Nevertheless, three policy objectives put forward in the APPG FinTech show that there is still room for development when it comes to fairness & choice, access & financial inclusion, and security & integrity.
The report outlined how new prototypes are currently being held back by legislation and infrastructure that is outdated and outmoded. To combat this, the Payment Systems Regulator is being urged to take further action for entrants that are not being given efficient access to the payments infrastructure.
The report also stresses the need for SMEs to be better educated about the various funding options that are now available to them. For instance, business owners who are worried about taking on large amounts of debt to fund their growth need to know there are a number of flexible finance options outside of the banks. There are also schemes such as the Enterprise Finance Guarantee that can now be applied for through alternative providers. This is a key part of working towards full financial inclusion, as well as creating a fairer, more diverse finance sector.
Recognising the value of alternative lenders such as Funding Circle and Fleximize, the APPG report explained that fintech provides a “bridge between citizens and the financial services they need and want,” giving individuals and businesses greater access to affordable funding options that are tailored to the needs of each specific business.
As well as supporting banks with their efforts to lend to SMEs, the APPG called for the government to continue to back the alternative providers that are offering businesses a viable, faster alternative when the banks say no.
Such a policy can be further supported by the conservative government’s pro-business attitude and favourable tax schemes for entrepreneurs and investors, such as SEIS and EIS.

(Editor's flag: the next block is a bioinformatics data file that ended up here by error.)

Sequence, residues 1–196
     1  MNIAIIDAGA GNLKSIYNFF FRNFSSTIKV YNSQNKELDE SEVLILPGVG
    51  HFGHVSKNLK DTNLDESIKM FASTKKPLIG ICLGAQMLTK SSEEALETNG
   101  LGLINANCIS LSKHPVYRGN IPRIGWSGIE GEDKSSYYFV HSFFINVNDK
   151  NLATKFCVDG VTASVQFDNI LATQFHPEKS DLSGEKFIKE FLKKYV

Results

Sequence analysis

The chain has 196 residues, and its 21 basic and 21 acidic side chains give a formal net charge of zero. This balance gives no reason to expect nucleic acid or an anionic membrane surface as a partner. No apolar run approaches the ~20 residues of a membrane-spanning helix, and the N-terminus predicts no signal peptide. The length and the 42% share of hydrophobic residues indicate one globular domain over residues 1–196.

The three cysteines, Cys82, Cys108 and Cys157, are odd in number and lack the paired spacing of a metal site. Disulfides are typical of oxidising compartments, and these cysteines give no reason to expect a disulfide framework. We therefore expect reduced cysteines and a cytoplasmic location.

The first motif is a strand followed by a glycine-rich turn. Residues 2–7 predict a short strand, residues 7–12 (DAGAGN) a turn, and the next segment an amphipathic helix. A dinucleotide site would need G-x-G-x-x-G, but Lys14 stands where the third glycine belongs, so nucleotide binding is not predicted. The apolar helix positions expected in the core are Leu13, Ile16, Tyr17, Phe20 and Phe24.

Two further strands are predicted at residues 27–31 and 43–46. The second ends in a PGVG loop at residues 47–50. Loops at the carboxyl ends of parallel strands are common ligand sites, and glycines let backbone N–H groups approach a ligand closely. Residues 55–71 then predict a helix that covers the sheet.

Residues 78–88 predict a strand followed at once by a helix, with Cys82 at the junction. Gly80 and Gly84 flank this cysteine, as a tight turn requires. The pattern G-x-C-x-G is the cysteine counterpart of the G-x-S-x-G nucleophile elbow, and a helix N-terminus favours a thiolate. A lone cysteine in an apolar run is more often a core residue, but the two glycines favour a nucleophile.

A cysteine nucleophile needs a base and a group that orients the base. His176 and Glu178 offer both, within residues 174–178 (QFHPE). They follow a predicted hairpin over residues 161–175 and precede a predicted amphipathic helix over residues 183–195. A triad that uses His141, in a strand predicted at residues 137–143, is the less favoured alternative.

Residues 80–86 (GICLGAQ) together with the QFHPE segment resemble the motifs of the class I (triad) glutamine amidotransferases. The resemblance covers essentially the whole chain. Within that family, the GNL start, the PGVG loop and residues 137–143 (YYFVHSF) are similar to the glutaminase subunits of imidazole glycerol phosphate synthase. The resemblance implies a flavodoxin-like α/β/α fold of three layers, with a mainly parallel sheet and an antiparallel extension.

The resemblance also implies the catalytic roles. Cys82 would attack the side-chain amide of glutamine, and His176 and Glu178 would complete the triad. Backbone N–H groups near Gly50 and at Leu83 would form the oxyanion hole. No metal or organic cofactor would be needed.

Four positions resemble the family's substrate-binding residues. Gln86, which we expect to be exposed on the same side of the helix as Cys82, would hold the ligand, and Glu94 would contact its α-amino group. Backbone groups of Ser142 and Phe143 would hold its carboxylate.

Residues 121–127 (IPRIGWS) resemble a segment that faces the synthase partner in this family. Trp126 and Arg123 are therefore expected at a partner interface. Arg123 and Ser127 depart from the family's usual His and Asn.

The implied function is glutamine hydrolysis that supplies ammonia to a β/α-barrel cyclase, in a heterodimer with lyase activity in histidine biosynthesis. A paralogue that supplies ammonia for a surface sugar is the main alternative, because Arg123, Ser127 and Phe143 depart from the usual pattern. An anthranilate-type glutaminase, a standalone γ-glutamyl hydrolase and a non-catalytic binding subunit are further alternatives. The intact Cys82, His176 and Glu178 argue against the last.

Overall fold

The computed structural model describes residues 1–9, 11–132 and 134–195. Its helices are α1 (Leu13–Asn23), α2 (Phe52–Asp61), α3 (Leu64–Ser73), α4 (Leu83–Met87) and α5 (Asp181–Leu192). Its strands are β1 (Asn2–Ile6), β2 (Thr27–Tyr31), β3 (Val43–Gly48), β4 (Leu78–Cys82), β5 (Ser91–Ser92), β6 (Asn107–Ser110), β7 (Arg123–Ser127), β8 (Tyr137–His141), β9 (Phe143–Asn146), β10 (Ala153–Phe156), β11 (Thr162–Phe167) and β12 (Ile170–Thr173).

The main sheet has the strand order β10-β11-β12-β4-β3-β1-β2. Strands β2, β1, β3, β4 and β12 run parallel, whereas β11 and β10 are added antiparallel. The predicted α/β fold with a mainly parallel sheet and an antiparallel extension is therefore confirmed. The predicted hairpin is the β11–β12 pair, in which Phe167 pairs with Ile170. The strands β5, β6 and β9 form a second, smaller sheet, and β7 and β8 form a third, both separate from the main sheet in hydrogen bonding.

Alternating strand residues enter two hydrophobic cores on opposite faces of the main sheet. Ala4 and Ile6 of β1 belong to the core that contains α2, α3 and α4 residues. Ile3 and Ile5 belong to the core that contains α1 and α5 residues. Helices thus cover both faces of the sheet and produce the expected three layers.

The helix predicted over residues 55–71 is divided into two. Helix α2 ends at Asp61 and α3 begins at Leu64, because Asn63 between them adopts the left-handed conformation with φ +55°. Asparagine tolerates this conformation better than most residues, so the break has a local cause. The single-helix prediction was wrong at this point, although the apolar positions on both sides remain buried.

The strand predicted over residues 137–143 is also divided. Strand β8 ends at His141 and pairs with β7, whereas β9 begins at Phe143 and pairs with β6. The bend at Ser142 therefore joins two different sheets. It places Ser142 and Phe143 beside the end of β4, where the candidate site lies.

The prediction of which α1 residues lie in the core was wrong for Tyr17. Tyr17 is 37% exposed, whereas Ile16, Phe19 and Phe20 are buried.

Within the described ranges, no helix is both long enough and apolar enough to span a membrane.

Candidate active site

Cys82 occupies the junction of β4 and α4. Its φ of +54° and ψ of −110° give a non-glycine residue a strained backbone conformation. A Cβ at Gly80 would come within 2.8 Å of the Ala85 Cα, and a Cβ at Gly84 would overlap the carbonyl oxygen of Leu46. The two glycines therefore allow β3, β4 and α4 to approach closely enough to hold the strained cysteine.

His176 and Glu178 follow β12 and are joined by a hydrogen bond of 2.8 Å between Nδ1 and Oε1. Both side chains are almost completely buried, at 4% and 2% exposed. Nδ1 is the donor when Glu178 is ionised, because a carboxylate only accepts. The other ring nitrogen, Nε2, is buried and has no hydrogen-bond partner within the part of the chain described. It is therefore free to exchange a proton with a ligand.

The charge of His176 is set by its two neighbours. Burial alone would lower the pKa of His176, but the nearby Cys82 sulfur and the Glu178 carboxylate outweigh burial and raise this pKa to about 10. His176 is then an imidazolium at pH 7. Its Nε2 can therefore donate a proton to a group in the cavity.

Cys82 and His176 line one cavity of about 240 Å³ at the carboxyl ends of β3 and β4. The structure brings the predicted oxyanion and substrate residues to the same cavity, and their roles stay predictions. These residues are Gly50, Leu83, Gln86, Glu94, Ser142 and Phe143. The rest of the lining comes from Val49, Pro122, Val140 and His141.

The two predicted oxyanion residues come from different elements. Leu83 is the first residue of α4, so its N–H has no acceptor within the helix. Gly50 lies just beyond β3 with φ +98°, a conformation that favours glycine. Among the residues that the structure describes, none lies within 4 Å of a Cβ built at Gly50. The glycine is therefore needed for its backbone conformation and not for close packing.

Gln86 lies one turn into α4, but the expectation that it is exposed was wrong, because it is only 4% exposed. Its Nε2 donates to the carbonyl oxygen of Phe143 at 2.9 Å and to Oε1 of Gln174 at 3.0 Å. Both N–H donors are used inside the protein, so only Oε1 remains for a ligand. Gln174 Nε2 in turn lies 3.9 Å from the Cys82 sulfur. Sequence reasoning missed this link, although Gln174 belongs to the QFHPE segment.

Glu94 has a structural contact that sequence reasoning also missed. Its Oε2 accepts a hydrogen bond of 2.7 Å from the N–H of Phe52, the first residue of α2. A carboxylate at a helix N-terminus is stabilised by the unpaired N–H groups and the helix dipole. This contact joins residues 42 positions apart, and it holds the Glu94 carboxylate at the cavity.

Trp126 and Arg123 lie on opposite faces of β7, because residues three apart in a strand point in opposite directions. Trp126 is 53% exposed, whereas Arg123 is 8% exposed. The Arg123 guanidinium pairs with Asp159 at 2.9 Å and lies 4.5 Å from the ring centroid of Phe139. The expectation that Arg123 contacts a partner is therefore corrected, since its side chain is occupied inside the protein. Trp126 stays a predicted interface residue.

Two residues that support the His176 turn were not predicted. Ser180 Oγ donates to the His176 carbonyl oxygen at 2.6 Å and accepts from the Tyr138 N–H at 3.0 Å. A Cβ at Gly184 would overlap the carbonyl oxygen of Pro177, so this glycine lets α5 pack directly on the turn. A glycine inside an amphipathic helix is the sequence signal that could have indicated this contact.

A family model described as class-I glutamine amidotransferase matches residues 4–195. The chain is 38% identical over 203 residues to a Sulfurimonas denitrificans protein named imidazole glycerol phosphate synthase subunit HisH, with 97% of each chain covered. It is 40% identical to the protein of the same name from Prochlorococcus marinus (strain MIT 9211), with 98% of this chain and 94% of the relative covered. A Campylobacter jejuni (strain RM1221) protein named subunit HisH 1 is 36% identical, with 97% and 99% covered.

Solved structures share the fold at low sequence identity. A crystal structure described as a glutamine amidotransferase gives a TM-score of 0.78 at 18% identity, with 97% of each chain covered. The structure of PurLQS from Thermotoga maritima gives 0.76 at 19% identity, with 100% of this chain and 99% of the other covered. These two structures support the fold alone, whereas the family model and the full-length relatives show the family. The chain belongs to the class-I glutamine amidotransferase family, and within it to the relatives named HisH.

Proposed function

With this positivity and active governmental investment in fintech and alternative finance, there is reason to believe that UK-based fintech companies will thrive and expand Post-Brexit.
The UK is already home to over 40 percent of Europe’s startups valued at $1bn or more, and the City of London will continue to be one of the world’s largest financial sectors.
As a hub where investors and companies from around the world meet and conduct business, London is an important market outside the EU and should continue to be so even if there is a reduction in the movement of people and goods to and from Europe.
Under such circumstances, fintech startups should continue to thrive. After all, the likes of Funding Circle emerged in the aftermath of the 2008 financial crisis, displaying the innovation and adaptability required to survive any period of economic uncertainty.
And as long as this mentality remains, there is every reason to believe fintech will take on the manifold challenges posed to them in the wake of Brexit, tackle them head on, and win.
Launched in 2014 as the UK’s first revenue-based finance provider, Fleximize offers small business loans from £500 to over £1 million, and has supported a wide range of SMEs across the UK.
Read the August 2016 issue of Business Review Europe magazine.